With full coverage of preventive care, including X-rays, and up to 80% coverage for some basic and major procedures, Aetna's dental plans are especially attractive. Note, however, that you might have to wait up to a year and a half to receive some major services, such as a crown or dentures.


Health and life insurance company Cigna has a dental plan that covers 100% of standard preventive care. This preventative-services plan also covers a percentage of root canals and orthodontia. It does not cover amalgam fillings and some other basic treatments. But if you have children, the orthodontia coverage may make the plan worth considering. Two additional plans available from Cigna cover a percentage of other types of dental work, including fillings and root canals.

The Cigna network of dentists is smaller than others, but coverage for out-of-network dentists is provided, albeit at a slightly higher cost.

For related reading, see 5 Places to Get the Best Dental Insurance.

Other Ways To Save

There are other ways to save on the cost of dental care, but they come with caveats.

Dental Clinics

Community-based health centers often provide basic oral healthcare. If you qualify, services are provided on a sliding scale, based on your income. Wait times of up to three weeks are common.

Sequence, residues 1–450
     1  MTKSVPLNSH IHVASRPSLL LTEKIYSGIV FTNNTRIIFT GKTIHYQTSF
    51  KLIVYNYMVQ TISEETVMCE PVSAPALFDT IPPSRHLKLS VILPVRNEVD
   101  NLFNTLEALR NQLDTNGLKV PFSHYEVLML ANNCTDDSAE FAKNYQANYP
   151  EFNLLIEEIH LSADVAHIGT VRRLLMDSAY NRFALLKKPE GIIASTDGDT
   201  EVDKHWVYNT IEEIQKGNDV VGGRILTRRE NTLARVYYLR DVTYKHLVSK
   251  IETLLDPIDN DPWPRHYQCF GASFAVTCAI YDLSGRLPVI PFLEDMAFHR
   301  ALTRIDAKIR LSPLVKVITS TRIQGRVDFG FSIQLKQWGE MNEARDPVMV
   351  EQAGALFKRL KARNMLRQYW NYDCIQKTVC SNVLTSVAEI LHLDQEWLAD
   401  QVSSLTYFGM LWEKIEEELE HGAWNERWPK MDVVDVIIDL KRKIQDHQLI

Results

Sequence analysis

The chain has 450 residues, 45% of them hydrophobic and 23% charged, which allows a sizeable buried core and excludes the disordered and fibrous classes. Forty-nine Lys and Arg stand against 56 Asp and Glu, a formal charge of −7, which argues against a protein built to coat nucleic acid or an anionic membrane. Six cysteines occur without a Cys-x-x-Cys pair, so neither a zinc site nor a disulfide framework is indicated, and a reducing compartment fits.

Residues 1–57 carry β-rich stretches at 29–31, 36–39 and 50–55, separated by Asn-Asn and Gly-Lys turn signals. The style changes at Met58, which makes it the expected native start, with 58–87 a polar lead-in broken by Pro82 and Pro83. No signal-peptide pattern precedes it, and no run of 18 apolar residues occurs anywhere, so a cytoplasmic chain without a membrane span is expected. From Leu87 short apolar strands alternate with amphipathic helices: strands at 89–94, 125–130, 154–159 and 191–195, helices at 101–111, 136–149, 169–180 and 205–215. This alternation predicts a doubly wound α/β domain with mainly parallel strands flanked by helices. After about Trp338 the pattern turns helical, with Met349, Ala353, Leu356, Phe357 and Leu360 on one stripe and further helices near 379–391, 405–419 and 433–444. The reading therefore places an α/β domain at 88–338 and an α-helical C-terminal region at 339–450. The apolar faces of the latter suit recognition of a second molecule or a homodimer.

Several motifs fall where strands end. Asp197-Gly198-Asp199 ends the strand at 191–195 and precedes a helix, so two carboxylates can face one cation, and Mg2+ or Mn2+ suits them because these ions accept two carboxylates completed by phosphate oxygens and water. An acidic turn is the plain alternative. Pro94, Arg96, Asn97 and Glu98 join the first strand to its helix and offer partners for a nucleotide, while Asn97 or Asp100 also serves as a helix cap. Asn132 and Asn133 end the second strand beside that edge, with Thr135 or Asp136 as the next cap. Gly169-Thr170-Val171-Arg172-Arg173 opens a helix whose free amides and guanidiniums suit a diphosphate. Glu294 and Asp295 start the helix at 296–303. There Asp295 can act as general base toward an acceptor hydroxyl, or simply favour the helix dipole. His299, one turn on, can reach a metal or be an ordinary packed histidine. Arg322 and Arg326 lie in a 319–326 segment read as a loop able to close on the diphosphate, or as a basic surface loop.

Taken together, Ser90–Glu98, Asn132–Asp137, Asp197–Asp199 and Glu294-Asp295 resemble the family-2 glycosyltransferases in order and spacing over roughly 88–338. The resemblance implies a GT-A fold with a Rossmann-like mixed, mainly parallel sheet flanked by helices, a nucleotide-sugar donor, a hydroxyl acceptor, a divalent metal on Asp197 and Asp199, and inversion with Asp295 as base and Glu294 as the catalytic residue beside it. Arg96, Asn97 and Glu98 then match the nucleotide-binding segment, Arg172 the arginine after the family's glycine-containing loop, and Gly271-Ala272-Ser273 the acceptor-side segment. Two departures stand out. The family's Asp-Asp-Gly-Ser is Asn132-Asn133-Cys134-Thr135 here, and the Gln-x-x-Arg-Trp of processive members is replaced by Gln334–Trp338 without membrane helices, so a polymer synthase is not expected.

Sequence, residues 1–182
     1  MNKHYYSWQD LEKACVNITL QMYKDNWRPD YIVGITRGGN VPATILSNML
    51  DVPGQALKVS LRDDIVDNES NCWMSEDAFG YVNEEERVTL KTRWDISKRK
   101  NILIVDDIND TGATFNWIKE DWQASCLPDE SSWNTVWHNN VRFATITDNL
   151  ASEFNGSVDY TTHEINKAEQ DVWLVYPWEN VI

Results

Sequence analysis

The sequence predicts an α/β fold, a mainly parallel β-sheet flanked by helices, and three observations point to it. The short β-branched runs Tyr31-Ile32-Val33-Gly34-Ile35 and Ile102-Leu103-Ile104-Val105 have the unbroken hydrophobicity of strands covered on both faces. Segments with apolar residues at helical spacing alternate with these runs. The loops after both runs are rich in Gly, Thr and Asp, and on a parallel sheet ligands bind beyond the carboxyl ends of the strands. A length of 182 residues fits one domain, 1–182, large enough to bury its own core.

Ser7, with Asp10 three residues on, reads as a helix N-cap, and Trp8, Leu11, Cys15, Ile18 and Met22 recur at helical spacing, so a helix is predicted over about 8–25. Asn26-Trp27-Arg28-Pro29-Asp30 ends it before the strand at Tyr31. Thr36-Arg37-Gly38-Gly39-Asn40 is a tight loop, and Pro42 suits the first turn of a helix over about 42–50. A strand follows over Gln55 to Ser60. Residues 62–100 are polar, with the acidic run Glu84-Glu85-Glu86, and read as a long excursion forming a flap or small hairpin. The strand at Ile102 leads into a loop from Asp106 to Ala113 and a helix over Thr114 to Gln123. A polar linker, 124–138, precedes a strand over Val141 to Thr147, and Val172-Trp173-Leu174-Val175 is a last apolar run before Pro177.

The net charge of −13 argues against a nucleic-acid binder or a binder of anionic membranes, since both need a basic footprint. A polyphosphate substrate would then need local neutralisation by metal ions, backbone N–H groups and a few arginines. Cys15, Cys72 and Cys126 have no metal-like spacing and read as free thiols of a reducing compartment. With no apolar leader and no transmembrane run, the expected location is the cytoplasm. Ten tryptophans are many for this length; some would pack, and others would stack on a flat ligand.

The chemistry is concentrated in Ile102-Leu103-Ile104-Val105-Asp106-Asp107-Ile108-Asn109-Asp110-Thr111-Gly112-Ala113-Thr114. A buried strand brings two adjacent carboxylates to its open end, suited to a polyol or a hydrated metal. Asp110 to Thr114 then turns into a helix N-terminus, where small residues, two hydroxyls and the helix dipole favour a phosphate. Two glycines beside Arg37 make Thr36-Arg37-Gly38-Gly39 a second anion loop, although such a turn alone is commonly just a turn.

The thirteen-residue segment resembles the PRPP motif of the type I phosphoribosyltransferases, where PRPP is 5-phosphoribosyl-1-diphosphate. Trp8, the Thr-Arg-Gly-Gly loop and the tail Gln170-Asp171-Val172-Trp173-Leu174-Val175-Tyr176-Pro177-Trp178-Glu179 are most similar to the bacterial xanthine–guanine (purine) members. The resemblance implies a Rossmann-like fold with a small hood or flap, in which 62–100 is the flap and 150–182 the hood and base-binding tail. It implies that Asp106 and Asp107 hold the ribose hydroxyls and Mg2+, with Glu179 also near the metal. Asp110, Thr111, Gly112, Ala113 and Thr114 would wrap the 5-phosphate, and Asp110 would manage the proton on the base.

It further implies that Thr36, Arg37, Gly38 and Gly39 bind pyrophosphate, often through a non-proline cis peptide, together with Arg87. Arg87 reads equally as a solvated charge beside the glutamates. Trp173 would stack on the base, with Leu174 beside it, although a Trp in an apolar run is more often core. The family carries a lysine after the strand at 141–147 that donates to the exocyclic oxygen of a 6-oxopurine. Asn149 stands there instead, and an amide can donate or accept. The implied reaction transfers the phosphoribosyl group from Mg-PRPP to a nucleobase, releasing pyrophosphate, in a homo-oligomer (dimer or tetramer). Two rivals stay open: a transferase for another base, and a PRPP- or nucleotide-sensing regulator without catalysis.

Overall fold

Schools of Dentistry

There are 65 dental schools in the U.S. If you live near one, you may be able to get affordable care provided by a student dentist under the supervision of a fully licensed professional. Savings average about 30% versus what you would pay privately.

Long waits are normal and schools of dentistry typically do not provide much in the way of amenities.

Discount Dental Plans

If you are in need of immediate service and lack insurance, a discount dental plan could be worthwhile. Discount dental plans are not insurance, technically, but groups you join that have negotiated special prices with local dentists. In return for a low monthly fee, you have immediate access to a network of participating dentists and specialists in your area. Savings with a discount dental plan average anywhere from 20% to 60% off regular local prices. Of course, some areas may be better populated with participating professionals than others.

The Bottom Line

Dental insurance may not seem like the most urgent health expenditure. But as one practitioner likes to put it on his appointment reminder  cards, "Ignore your teeth, and they'll go away." At the very least, a dental policy can encourage you to have routine cleanings and checkups, since these preventive services often are covered 100%.

Finding low-cost coverage isn’t difficult. In addition to checking out the companies listed above, use a search engine such as the one available at DentalInsurance.com. Simply plug in your ZIP code and you will see several carriers in your area, along with available plans and prices.

You can then compare plan prices against average local out-of-pocket prices found at websites such as HealthcareBluebook.